“Do you know my father?”
Seeing the sudden change in the girl’s expression, Ivan had a little chuckle inside.
Who doesn’t know Maximilian, really?
He shrugged and said, “Round up the survivors. Let’s light a fire and tear up train seats for blankets. Nights here get colder than you’d imagine.”
“Wouldn’t lighting a fire attract attacks?”
“That’s not your concern.”
“Are you heading out alone, not even knowing who the enemy is?”
“That’s not your concern either.”
Meeting Maximilian’s daughter for the first time, Ivan felt a somewhat unexpected emotion.
While she had inherited her father’s looks and skills, her personality was totally different.
Maximilian used to boast about his ‘sweetheart from back home’ at night, saying she was kind and considerate. She seems to take after her mother.
Love is so tricky. It blinds people to flaws and weaknesses. Ivan chuckled and left.
In the tactical doctrines Ivan studied, there’s a saying:
“Expect the worst and act for the best.”
It seemed like a silly statement to Ivan back then. It only made sense when he rethought it through real experiences.
The core truth was this.
“Expect the worst. That means, the enemy always tries the hardest way to hit you.”
“Act for the best. If your enemy is the worst for you, become the worst for them.”
So, mirror the enemy’s moves. Your worst hit would be the best offense against them.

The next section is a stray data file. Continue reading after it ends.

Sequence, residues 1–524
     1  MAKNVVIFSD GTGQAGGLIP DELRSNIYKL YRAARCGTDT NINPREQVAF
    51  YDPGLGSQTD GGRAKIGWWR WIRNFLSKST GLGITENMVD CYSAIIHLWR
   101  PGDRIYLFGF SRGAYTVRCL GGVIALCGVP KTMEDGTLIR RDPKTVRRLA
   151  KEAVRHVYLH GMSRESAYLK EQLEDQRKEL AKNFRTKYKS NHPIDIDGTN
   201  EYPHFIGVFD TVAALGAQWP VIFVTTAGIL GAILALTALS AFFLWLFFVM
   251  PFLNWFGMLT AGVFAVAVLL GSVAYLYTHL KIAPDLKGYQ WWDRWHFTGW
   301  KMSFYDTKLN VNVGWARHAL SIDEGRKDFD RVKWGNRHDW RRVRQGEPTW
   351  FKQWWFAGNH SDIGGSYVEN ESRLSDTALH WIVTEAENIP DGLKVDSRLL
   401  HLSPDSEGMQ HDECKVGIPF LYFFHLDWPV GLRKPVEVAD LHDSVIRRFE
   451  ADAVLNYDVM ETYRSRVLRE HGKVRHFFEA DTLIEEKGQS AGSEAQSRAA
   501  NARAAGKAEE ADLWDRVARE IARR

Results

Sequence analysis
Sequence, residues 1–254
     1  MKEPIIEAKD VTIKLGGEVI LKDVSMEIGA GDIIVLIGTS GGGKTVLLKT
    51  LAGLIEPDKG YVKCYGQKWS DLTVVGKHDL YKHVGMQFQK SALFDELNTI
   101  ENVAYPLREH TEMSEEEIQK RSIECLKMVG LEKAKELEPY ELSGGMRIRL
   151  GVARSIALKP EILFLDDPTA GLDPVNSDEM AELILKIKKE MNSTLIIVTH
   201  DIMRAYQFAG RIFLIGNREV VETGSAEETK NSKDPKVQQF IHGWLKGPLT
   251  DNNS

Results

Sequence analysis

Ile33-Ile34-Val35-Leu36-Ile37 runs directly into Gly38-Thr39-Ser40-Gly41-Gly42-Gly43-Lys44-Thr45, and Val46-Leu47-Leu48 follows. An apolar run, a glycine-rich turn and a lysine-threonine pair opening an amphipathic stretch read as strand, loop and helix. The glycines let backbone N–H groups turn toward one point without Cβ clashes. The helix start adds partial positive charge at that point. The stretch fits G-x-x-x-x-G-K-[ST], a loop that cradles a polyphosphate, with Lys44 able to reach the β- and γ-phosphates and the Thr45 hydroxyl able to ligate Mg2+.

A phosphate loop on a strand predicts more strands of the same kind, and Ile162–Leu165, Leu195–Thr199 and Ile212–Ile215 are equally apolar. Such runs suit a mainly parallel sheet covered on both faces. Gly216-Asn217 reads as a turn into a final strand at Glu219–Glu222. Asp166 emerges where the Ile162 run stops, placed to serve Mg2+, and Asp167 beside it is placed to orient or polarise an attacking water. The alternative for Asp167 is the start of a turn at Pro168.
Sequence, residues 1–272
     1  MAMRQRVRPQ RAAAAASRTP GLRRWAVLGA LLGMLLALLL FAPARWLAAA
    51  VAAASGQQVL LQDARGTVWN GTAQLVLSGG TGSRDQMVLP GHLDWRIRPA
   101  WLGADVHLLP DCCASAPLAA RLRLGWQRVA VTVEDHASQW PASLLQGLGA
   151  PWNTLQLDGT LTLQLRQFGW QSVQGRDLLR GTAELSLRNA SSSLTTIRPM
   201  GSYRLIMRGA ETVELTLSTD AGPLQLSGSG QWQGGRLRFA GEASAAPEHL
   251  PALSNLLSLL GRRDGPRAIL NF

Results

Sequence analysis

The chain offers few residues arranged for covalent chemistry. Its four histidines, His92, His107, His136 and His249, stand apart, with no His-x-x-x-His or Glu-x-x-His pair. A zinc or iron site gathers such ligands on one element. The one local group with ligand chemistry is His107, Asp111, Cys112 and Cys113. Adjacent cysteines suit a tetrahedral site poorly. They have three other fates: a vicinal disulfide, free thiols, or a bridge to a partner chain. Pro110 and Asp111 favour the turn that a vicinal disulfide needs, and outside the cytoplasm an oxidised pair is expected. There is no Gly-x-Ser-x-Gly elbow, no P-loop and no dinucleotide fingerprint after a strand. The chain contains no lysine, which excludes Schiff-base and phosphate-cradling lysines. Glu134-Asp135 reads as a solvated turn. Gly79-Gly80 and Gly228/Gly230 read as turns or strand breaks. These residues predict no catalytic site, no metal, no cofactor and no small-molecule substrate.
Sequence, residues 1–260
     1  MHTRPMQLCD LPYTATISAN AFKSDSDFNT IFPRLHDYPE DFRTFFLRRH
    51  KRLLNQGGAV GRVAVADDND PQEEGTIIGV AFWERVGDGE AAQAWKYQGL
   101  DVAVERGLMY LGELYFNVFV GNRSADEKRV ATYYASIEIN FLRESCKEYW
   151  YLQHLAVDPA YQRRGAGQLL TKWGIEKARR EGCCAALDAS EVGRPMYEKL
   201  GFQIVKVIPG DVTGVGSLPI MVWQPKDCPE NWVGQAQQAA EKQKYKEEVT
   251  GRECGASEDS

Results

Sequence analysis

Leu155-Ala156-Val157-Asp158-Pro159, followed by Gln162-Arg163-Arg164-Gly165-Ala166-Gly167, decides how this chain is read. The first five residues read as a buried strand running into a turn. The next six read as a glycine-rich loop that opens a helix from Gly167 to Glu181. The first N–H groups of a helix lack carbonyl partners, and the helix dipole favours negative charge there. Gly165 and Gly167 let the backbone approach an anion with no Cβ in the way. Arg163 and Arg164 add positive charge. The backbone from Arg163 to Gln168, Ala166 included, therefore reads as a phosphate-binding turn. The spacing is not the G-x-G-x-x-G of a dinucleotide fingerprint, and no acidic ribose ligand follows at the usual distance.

Therefore, Ivan’s task was clear.
First, think of the worst case.
“Getting ambushed during an escape after surviving would be the worst. It would be worse in a drawn-out battle.”
Attacks in the dark night wear you out. Ivan might handle it, but for the injured and the girl, it’d be deadly.
So, expect the worst. The enemy must expect an escape attempt and act accordingly.
Logically, in case of a train derailment from an attack, one should leave and find support.
Now, for the response.
“Appear like you’re stalling, keeping the enemy’s aim clearly visible. Look weak.”
This would make the unknown enemy pull back their tracking forces and switch from chasing to surrounding.
This world isn’t a strategy game, it’s the real deal.
Orders don’t mean immediate actions.
This means there’s a delay between spotting the pursuer and gaining a tactical edge.
From an attacker’s view, siege includes mental games. They’d see themselves as a cat eyeing its prey, picking the perfect moment to strike.
To ensure the target can’t escape, planning to deliver a crushing blow at the right moment.
That’s the deal. That’s the “worst attack” your enemy can think of.
So, mimic. Turn their best into their worst. Prepare a surprise, refine the offense carefully, and set the trap.
In the deep, dark shadows of the forest, gripping a cold gun.
Ivan took a quiet breath, then let it out slowly.
Hunkered down under a tree, he held his breath, slowly raising his hand. Carefully aligning the shoulder and fingertips, trying to steady his hand tremors caused by his body’s rhythm.
With the momentum of three breaths, he squeezed the trigger from his index finger trapped in the guard.